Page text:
participant in the crime, (1) causes serious physical injury to any person; or (2) is
armed with a deadly weapon; or (3) uses or threatens the immediate use of a
dangerous instrument against any person; or (4) displays or threatens the use of
what appears to be a deadly weapon or dangerous instrument.”
Mo. Rev. Stat. § 569.020 (1991). A person “forcibly steals” when he “uses or threatens the
immediate use of physical force upon the person of another . . .” Mo. Rev. Stat. § 569.010(1)
The Court applies the categorical approach to determine if a conviction qualifies as a
crime of violence when the statute underlying the conviction is indivisible. United States v. Bell,
No. 15-3506, slip op. at 3 (8th Cir. Oct. 28, 2016) (citing United States v. Gordon, 557 F.3d 623,
625 (8th Cir. 2009)). The categorical approach focuses on the generic elements of the offense,
not on the specific underlying facts of the conviction. Id. Under the categorical approach, a court
“must consider the lowest level of conduct that may support a conviction under the statute.” Id.
at 5. When a statute is divisible, or has multiple alternative elements, some of which qualify as
violent felonies and some of which do not, the Court applies the modified categorical approach,
which allows a sentencing court to look at a limited class of documents, the indictment, jury
instructions, or plea agreement and colloquy, to determine what crime, with what elements, of
which a defendant was convicted. Mathis v. United States, 136 S. Ct. 2243, 2249 (2016).
The Court will apply the categorical approach to determine if Petitioner’s conviction
qualifies as a predicate offense under the ACCA. Missouri’s statute for Robbery in the First
Degree must contain as an element the use, attempted use, or threatened use of physical force
against the person of another to qualify as a predicate offense under the ACCA. “Physical force”
means “violent force – that is, force capable of causing physical pain or injury to another
person.” Johnson v. United States, 559 U.S. 133, 140 (2010). “[T]he ‘merest touch’ is
insufficient, but the ‘degree of force necessary to inflict pain – a slap in the face for example’ is
sufficient to establish ‘physical force.’” Bell, slip op. at 5 (quoting Johnson, 559 U.S. at 143). In
determining whether Missouri’s statute qualifies, the Court must look at the language of the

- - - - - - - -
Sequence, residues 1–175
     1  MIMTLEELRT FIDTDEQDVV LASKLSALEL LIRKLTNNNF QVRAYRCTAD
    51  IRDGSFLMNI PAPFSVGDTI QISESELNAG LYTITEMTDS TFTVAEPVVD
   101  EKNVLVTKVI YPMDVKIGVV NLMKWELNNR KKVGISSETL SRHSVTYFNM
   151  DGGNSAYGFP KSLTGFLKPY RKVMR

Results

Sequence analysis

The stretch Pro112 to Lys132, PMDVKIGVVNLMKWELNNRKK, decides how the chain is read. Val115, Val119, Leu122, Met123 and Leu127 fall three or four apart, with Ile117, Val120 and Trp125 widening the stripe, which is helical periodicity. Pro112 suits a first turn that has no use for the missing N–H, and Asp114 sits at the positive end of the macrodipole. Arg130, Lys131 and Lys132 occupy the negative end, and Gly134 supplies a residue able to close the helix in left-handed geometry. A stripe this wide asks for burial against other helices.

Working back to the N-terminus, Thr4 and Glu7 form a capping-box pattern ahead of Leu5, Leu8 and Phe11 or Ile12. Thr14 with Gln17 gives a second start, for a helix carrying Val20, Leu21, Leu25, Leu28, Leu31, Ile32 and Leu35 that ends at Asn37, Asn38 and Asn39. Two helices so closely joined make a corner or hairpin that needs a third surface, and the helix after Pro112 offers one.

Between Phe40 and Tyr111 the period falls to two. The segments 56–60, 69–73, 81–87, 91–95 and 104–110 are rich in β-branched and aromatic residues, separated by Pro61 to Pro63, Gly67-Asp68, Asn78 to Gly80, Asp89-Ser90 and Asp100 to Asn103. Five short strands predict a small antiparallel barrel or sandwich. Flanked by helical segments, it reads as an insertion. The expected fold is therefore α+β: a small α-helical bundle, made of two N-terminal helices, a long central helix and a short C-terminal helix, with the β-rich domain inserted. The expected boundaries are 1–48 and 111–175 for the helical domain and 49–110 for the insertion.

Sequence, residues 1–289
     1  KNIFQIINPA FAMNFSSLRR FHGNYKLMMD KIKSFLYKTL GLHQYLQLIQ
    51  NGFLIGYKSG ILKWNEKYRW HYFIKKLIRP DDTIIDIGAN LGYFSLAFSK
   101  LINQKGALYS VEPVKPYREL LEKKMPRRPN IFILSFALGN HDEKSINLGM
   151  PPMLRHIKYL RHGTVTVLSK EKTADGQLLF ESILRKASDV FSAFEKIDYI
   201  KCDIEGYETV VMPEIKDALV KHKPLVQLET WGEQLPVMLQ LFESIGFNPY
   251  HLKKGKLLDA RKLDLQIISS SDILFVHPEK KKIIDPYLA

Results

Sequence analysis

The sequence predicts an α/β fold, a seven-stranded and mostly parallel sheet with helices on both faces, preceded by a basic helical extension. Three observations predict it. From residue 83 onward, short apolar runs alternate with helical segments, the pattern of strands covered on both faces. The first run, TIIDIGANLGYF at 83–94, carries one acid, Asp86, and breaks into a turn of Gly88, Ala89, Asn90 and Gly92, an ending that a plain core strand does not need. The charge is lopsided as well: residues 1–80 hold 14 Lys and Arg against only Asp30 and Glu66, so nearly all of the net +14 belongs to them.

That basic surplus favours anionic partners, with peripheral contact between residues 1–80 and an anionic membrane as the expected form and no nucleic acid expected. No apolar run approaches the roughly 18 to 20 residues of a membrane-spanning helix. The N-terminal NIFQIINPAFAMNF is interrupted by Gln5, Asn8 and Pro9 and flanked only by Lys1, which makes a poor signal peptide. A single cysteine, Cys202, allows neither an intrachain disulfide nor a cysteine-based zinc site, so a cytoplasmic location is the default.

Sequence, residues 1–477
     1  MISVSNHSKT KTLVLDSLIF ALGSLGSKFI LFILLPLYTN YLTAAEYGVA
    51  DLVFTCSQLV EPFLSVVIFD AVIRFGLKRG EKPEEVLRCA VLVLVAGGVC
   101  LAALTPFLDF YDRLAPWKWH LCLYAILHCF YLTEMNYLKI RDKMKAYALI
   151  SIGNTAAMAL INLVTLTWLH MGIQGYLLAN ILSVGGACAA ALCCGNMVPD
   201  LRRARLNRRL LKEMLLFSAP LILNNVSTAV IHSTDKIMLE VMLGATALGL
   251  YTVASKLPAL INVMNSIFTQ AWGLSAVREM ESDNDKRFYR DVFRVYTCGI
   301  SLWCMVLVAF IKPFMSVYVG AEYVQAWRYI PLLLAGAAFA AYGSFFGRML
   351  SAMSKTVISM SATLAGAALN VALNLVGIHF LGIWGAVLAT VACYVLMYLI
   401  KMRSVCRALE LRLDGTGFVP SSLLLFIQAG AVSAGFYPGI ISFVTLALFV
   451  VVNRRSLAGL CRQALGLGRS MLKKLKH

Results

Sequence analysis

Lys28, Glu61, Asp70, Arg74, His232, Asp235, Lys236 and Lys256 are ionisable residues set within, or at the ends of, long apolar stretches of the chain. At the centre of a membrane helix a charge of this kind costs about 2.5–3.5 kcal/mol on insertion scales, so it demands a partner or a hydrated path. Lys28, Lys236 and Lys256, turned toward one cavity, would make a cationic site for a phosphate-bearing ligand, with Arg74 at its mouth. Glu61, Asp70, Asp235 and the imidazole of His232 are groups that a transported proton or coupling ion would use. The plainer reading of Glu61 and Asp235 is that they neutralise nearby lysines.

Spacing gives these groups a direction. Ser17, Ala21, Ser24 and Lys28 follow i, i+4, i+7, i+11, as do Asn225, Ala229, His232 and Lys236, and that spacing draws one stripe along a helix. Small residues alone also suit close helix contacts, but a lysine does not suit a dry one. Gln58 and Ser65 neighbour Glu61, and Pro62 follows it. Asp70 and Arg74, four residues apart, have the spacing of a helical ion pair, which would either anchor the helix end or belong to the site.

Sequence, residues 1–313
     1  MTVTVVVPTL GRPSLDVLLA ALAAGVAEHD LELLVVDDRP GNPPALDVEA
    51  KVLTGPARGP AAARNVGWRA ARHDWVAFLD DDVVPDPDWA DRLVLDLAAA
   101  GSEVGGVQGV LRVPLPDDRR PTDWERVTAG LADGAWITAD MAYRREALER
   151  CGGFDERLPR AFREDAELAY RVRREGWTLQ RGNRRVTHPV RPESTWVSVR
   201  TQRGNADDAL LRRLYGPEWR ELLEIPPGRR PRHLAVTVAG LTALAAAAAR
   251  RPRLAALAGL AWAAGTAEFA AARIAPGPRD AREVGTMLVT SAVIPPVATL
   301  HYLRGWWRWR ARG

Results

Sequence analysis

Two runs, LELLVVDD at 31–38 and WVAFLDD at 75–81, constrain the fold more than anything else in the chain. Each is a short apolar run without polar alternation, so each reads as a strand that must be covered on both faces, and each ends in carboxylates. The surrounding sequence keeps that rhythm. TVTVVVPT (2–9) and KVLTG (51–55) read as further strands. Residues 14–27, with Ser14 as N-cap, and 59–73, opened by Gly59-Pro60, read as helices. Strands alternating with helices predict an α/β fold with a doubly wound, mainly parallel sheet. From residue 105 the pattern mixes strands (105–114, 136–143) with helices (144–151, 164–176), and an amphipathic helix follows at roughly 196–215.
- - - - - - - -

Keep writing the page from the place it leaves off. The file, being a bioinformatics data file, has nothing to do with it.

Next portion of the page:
statute and the Missouri courts’ interpretation of the elements of the statute. Id.
At first glance, Missouri’s statute for Robbery in the First Degree appears to fit squarely
in the elements clause of the ACCA. The statute uses the term “forcibly steals” and its definition
is almost identical to the language contained in the elements clause of the ACCA. However,
Robbery in the Second Degree also contains the phrase “forcibly steals” and the Eighth Circuit
has recently determined Missouri’s second-degree robbery statute does not necessarily require
the use of violent force as one of its elements and it is not a violent felony. See Bell, No. 153506, slip op. at 7. Therefore, the Court must analyze the listed elements of Robbery in the First
Degree that differentiate it from Robbery in the Second Degree to determine if Robbery in the
First Degree is a violent felony.
The listed elements make clear Robbery in the First Degree is a violent felony. A person
may commit Robbery in the First Degree when a person forcibly steals property and either
causes serious physical injury, is armed with a deadly weapon, uses or threatens to use a
dangerous instrument, or displays or threatens to use what appears to be a deadly weapon or
dangerous instrument. This language satisfies the requirement of the use or threatened use of
physical force or force capable of causing physical pain or injury to another. The use of violence
is what differentiates Robbery in the First Degree and Robbery in the Second Degree. Therefore,
the Court finds Missouri’s statute for Robbery in the First Degree qualifies as a violent felony
under the ACCA. See also United States v. Sprous, 389 Fed. App’x 826, 828 (10th Cir. 2010)
(“There is no question that Missouri . . . first-degree robbery [is a] violent felon[y].”).
Robbery in the Second Degree
The Eighth Circuit has definitively determined Missouri’s statute for Robbery in the
Second Degree does not qualify as a violent felony. See Bess, No. 15-3506, slip op. at 7. This
ruling has no impact on Petitioner, because the Court has found Petitioner’s six convictions for
Robbery in the First Degree qualify as predicate offenses under the ACCA.
IT IS HEREBY ORDERED that Petitioner Marlin Bevly’s Motion to Correct Sentence
under 28 U.S.C. § 2255 is DENIED.
So Ordered this 23d day of November, 2016.
E. RICHARD WEBBER
SENIOR UNITED STATES DISTRICT JUDGE
Disclaimer: Justia Dockets & Filings provides public litigation records from the federal appellate and district courts. These filings and docket sheets should not be considered findings of fact or liability, nor do they necessarily reflect the view of Justia.
Why Is My Information Online?